Businesses looking to expand in Malaysia need to offer digital wallet payment options, as these cover a much greater proportion of the population than credit cards.

Bank Negara Malaysia, which regulates the nation’s financial industry, has so far issued 46 e-money licences, only five of which have gone to players in the traditional banking space.

“It’s really a war of the e-wallets in Malaysia,” according to Johnny Chong, head of sales at Kuala Lumpur-headquartered payment company, iPay88 Holding.

Speaking at the recent Ecommerce Expo Asia, he explained that about “65 to 70% of transactions” take place through online banking, versus about a third or so through credit cards. (For more, read WARC’s report: Five payment trends to watch out for in Malaysia.)

Among the major players, Boost and Touch ‘n Go each have more than 5 million subscribers, while GrabPay claims that it is used by two out of three Malaysians.

“I see the traction going upwards every day, every month,” Chong said, citing several factors in Malaysia that favour continued growth in e-wallet payments.

One of these factors is its young population, many of whom are digital natives, with 45% comprising millennials. “These are young adults, Gen Z and Gen Y, who are mobile-first users. For everything, they eat, sleep and drink mobile phones.” A related issue is that 21 is the minimum age to apply for a credit card.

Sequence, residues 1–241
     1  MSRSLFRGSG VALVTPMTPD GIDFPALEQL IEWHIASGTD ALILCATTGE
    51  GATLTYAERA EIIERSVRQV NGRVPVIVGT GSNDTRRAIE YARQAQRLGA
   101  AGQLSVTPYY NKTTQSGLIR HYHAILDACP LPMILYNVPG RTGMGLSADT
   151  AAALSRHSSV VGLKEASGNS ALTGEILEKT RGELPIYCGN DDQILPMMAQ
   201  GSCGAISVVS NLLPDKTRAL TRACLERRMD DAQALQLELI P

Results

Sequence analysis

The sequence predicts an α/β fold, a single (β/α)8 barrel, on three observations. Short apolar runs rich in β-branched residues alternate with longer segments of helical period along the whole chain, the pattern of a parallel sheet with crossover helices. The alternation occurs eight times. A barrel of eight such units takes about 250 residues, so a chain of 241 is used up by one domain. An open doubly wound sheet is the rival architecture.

The Malaysian government is also encouraging a cashless society. At the same time, e-money issuers are pushing for e-wallet adoption with attractive promotions that can drive traffic to stores.

“I get cashback every time I use e-wallets,” said Chong. “If I send US$24 (RM100), I get US$2.40 (RM10) back. That’s 10% cashback. When I use cash, I don’t get anything. If I use a credit card, I might get points, but it’s not as good as what e-wallets offer.”

Based on figures from the Malaysian Statistics Department, the total population stands a 32.6 million, while credit card circulation, according to Bank Negara Malaysia, is about 10.3 million.

“If you only offer credit card payments in Malaysia, you might not see your business grow,” said Chong, adding that offering major e-wallet payment options should be seriously considered by any business looking to grow in the market.

Sourced from WARC